Parents and babies born during Canada’s Centennial year on the stage at George Lane Park in 1967.
Museum of the Highwood
High River pioneer Billy Henry cutting the cake at a celebration in honour of his 100th birthday. With Billy is his niece Marjorie Kennedy, 1967.
Museum of the Highwood.
In 1967, everyone who turned 100 received a silver tray from the Province of Alberta. This tray was presented to Billy Henry.
This year “our home and native land” celebrates 150 years of being a country — but how unified was Canada in 1867?
The answer is: not very.
While the eastern colonies of British North America were creating Confederation, the First Nations and Métis peoples of the West were growing increasingly wary of intrusions on their traditional territories.
Within a few years, in 1870, Manitoba would be born in the wake of the Red River Resistance. Meanwhile, it would take the promise of a transcontinental railway to coax British Columbia into Confederation in 1871.
Since 1867 doesn’t hold as much significance in the West, an Alberta museum has decided to celebrate a more recent national milestone — the 1967 centennial of Canada.
“People didn’t really start settling in High River until the 1880s, so I got the idea to bring it forward and do an exhibit about the centennial in High River in 1967,” said Irene Kerr, director and curator of The Museum of the Highwood, in High River, Alberta.
Unlike 1867, the centennial year was filled with excitement, nationalism and pride from coast to coast, Kerr said.
“Everybody jumped on the bandwagon right away,” she said. “There are ads in old High River newspapers that say ‘Centennial sale’ or ‘Sale of the century!’”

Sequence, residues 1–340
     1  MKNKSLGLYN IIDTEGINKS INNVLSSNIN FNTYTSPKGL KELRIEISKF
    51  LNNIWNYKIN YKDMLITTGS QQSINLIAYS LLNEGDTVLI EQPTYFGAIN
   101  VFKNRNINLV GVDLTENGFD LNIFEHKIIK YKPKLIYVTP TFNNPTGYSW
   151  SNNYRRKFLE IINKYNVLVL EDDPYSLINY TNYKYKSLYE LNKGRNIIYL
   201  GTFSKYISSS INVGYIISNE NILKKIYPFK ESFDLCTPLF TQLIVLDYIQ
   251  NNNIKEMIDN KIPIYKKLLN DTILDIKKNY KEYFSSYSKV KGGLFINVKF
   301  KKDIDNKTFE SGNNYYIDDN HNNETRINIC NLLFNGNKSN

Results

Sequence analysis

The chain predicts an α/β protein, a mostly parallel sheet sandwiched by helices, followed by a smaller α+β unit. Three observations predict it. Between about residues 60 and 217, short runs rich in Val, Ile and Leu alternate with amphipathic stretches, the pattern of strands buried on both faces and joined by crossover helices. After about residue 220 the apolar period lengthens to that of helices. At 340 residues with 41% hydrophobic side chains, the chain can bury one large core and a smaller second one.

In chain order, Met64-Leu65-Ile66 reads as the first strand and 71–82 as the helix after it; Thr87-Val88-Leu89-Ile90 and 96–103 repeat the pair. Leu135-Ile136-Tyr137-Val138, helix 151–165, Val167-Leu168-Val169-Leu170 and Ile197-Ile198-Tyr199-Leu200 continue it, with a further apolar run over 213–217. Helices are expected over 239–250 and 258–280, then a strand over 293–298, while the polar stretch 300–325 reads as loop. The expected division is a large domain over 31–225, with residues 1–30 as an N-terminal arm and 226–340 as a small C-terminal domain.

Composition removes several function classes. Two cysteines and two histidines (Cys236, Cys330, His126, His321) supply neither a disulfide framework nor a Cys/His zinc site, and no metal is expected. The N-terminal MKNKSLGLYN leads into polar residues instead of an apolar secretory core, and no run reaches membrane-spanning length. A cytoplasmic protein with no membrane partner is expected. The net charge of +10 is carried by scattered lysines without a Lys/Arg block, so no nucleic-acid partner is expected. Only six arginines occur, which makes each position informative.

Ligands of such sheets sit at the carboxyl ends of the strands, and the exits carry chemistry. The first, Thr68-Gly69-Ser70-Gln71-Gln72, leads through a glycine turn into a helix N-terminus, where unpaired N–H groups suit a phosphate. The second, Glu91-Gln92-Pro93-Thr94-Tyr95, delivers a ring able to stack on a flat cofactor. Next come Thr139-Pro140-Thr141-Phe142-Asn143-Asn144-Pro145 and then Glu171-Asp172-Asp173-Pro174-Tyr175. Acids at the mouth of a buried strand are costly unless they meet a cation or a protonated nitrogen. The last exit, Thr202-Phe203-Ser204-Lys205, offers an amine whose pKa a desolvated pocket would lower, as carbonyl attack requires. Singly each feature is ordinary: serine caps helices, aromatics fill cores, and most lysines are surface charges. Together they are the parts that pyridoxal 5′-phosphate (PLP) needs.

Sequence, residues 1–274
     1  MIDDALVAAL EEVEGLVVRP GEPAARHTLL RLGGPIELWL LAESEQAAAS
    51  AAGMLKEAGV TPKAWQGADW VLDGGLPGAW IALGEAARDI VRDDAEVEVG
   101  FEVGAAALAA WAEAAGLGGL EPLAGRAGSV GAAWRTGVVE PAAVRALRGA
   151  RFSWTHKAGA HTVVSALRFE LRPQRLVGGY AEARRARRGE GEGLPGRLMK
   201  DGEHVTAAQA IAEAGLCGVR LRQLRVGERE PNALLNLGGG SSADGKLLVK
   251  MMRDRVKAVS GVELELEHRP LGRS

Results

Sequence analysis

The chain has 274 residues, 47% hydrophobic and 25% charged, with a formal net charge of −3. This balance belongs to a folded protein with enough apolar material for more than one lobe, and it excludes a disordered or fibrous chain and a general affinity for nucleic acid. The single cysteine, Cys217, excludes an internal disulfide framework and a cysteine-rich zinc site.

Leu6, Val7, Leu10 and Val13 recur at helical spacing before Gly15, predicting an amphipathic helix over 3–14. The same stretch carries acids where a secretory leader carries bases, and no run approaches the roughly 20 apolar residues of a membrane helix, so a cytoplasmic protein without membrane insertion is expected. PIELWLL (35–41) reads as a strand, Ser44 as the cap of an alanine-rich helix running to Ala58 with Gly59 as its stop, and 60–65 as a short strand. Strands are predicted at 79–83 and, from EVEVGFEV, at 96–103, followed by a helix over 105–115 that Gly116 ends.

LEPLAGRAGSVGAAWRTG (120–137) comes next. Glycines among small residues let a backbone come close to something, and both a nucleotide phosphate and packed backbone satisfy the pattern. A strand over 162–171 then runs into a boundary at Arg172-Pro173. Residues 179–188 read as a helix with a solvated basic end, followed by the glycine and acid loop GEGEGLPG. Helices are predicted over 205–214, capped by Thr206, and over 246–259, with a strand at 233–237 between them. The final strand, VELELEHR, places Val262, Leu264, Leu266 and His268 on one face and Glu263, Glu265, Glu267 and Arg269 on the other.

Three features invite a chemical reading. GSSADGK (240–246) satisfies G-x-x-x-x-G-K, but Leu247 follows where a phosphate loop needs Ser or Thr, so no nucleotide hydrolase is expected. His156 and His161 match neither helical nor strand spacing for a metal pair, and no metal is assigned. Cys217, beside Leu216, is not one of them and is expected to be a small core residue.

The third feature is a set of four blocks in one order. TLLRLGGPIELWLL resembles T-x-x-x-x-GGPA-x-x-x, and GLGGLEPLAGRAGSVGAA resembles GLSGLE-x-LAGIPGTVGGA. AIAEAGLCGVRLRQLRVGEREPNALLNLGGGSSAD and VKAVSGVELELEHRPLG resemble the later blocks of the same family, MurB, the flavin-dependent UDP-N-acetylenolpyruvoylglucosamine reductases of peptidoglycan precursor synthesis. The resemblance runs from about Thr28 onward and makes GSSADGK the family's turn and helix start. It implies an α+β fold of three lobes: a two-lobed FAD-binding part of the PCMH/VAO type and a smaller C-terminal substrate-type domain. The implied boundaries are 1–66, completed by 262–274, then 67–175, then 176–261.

The 1967 celebrations in High River included centennial teas, picnics, essay contests, and barbeques, as well as a day coined “Billy Henry Day,” in honour of a local pioneer rancher who turned one hundred in the centennial year.
Initially, the exhibit was going to feature specific events and celebrations in High River in 1967, said Kerr, but it has grown to depict what life was like fifty years ago.
“It’s shocking how much the world has changed,” said Kerr. “It will be nice for young kids to come and see what High River used to be like.”
Visitors to the museum will be able to explore the pop culture of the 1960s. Plenty of memorabilia will be on display, including special centennial coins, stamps, photos, and even Expo ’67 passports (used during the Expo 67 world’s fair in Montreal that ran in 1967 from April to October). There will even be a silver tray given to Bill Henry by the Alberta government to mark his 100th birthday.
Museum visitors will also be able to listen to recordings from an oral history study that was conducted in partnership with Ambrose University in Calgary. The clips feature High River residents recalling memories from 1967.
To mark the wider anniversary of Canada’s sesquicentennial, Kerr said the museum will offer a separate exhibit on Confederation-era trading posts and whiskey forts, and will also showcase First Nations heritage in High River during that time period.
Both exhibits at The Museum of the Highwood will be opening on May 24th, 2017 to all visitors.